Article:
Simulating galaxies, sounds complicated? It is, but let's try understanding how it works!

So, let's suppose that you've got an awful lot of bodies (or a galaxy) and want to calculate the forces acting inbetween all of them (using Newton's law of univeral gravitation).

All in all, you need to calculate the forces between two objects about \( n \cdot n-1 \) times. We can express this using the Big O notation as \(O(n) = n^2\). So for an input amount of \(n\) stars, we need \(n^2\) calculations to calculate the forces acting inbetween all the stars.

Generally Speaking, \(O(n^2)\) is bad. We want to achieve something much faster. But how?

The method I used (and am recommending to you right now) is the Barnes-Hut Simulation. So what is that? Well, the two great people Josh Barnes and Piet Hut one day thought about not calculating the forces acting inbetween all the stars, but only between the stars that are in direct proximity to the original star. You might (and should) ask yourself how this works: subdividing.

By subdividing the galaxy into multiple subcells, we can construct a tree containing a subsection of the original galaxy. Calculating the force between a star and another star can be abstracted by calculating the force between our star and the cell the other star is inside.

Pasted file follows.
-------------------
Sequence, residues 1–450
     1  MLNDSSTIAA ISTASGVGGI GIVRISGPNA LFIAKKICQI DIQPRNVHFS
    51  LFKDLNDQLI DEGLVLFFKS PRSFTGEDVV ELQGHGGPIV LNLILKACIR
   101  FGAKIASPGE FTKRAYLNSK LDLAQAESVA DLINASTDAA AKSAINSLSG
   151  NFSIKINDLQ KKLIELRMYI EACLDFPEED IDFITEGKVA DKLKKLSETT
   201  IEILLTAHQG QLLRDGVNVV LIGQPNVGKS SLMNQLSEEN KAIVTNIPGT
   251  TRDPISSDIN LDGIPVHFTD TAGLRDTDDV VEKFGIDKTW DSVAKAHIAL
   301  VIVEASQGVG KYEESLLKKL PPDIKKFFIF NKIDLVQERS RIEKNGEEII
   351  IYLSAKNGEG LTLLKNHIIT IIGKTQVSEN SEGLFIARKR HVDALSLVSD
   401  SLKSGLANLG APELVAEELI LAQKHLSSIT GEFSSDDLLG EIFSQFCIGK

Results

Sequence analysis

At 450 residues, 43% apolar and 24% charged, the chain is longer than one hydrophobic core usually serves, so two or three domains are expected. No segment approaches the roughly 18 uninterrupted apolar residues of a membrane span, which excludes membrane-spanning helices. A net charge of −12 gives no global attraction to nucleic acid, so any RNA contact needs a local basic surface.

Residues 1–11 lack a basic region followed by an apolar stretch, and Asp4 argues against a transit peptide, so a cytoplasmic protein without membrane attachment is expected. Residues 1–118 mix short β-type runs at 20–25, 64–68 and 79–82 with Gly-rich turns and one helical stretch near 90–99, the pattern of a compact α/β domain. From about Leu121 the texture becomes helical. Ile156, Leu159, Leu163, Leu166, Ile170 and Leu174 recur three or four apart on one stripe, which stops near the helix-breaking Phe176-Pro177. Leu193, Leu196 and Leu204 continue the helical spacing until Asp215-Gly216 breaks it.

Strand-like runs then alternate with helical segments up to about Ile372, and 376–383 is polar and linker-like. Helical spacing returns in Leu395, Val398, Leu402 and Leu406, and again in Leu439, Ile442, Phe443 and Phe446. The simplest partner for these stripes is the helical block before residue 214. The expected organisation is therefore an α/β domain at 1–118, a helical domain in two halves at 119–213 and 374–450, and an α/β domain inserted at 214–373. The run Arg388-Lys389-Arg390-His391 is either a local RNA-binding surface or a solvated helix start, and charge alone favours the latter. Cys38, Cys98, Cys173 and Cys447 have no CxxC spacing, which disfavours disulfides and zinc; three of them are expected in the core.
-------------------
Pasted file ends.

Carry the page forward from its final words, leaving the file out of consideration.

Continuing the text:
Barnes and Hut formulated a rule deciding what cell should be used (or not). This rule can be written in the following way:

$$ \theta = \frac{s}{d} $$

Well that looks simple, doesn't it? It actually is really simple but insanely genius: \(\theta\) is some kind of threshold we can set, let's just say that it is set to \(0.5\). \(s\) is the distance to the midpoint of the region of star \(B\) and \(d\) is the width of the cell \(B\) is in.

So if the distance inbetween \(A\) and \(B\) is really big, and the cell in which \(B\) is inside of is really small, the complete fraction gets really small. Using this knowledge, we can manipulate \(\theta\) in the following way: if we set \(\theta\) to a really small value, the distance inbetween the stars must be really big until we begin to group stars. On the other hand, if we set \(\theta\) to a really big value, we alsmost directly start to group the stars.

By implementing this, we can acchieve an O-notation of \(O(n \cdot \log(n))\)... ... alot better than \(O(n^2)\)!